de-icing equipment than rime ice. Since it is transparent, clear icing may go undetected
until it is too late for de-icing equipment. Clear ice on an airfoil is depicted in Figure 1-9.
Figure 1-9 -- Clear ice.
Rime ice is a rough, brittle, milky opaque deposit of ice formed by the instantaneous
freezing of small super-cooled water droplets. Rime ice usually occurs at a lower
temperature than does clear ice.
Unlike clear ice, rime forms as drops freeze upon striking the airfoil trapping air, giving
the ice its opaque appearance and making it porous and brittle. The resulting deposit is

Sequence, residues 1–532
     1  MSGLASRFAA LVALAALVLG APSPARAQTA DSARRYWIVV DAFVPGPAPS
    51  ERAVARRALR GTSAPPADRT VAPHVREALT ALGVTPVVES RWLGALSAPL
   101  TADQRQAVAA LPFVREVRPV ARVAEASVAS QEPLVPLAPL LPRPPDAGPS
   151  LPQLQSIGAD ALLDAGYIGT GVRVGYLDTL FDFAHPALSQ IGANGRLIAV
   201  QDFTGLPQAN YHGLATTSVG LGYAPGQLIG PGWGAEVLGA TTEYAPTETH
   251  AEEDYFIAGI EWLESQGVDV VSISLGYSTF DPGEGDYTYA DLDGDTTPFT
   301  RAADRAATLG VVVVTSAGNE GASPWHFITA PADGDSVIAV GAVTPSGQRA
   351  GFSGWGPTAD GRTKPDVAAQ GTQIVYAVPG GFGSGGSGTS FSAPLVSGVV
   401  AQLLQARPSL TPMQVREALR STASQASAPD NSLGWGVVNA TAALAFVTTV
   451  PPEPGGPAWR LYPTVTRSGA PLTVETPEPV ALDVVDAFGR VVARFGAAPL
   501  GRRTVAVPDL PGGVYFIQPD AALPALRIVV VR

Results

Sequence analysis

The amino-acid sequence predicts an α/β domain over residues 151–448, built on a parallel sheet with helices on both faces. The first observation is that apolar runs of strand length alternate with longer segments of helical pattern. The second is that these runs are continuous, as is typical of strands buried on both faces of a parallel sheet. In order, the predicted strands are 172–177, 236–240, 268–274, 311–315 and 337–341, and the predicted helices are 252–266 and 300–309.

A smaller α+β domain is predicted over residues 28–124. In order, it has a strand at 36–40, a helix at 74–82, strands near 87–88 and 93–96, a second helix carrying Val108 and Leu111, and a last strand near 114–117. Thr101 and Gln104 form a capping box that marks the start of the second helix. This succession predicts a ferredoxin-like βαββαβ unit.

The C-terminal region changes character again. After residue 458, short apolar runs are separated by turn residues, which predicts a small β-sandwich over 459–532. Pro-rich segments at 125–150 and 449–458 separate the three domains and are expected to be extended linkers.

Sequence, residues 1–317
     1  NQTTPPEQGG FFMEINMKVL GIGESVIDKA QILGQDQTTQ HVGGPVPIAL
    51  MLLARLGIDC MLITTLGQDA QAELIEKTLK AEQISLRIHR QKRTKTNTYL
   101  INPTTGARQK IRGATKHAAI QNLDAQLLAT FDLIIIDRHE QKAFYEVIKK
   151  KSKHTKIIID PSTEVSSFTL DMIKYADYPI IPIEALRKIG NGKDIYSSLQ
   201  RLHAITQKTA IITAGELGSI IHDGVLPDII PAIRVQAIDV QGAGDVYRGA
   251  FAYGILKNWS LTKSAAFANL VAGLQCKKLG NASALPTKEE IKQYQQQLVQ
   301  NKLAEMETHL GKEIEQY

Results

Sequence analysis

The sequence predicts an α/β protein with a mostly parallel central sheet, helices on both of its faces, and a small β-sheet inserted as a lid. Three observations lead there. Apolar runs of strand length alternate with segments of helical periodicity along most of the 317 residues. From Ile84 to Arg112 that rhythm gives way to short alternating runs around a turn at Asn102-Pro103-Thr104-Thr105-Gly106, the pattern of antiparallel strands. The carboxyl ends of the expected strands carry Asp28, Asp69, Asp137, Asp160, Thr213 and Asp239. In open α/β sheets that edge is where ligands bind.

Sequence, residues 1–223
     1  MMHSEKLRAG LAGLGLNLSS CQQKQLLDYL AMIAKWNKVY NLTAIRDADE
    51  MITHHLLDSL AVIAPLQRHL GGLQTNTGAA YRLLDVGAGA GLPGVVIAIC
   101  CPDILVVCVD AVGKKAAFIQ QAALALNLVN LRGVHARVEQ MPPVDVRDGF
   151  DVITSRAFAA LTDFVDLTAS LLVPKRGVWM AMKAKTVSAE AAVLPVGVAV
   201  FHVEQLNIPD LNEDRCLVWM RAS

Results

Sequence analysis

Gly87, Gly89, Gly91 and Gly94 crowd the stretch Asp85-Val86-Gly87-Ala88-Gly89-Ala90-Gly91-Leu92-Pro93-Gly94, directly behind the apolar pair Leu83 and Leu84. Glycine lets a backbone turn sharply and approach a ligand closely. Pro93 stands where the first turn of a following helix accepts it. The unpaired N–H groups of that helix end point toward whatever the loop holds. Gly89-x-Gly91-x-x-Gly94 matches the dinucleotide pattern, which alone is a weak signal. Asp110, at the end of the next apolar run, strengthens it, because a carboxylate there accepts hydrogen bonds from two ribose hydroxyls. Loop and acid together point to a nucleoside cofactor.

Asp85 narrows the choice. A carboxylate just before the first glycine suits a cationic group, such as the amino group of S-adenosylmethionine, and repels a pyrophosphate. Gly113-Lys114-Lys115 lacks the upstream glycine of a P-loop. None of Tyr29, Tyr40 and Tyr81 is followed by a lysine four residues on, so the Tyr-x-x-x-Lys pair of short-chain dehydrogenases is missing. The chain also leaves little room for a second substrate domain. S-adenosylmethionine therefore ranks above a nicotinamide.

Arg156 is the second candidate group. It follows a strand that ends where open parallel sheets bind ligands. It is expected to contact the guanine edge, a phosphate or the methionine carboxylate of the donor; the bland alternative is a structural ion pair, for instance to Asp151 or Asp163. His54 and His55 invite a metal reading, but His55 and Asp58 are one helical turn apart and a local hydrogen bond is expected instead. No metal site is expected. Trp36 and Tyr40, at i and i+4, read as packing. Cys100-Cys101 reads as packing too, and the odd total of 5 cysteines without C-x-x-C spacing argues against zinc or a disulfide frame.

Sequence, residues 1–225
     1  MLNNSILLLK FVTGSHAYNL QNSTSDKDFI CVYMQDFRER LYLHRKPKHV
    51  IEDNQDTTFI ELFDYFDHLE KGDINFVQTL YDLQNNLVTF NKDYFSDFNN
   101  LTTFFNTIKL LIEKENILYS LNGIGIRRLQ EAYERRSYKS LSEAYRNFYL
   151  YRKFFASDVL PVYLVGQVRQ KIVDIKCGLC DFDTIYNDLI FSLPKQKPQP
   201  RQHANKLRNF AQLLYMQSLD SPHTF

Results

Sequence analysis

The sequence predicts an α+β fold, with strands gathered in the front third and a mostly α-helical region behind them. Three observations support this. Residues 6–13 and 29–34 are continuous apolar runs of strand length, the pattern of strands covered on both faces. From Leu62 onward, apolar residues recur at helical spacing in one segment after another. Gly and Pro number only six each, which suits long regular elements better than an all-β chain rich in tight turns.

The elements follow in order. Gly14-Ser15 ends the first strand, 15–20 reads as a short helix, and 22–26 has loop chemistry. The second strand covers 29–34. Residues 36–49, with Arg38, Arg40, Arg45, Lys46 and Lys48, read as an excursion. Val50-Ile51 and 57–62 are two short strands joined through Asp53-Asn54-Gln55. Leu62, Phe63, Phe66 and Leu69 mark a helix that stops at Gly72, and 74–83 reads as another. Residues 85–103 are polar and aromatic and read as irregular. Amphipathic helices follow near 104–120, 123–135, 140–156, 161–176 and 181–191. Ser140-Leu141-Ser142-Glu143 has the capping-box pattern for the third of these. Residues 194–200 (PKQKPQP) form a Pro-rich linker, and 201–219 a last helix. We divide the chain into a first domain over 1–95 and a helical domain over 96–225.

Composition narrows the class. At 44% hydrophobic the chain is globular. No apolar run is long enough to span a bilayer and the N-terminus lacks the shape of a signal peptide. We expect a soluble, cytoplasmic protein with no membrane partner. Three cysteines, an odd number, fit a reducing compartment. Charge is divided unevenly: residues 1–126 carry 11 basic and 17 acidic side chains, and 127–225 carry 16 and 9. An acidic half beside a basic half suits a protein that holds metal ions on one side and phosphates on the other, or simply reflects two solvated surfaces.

tiny pellets of ice frozen together in a spongy mass. Rime ice on an airfoil is depicted in
Figure 1-10 -- Rime ice.
The conditions that favor the formation of rime ice are:
Very small water droplets such as are found in stratiform clouds
A relatively small number of water droplets that are found in clouds that are not
Temperatures far below freezing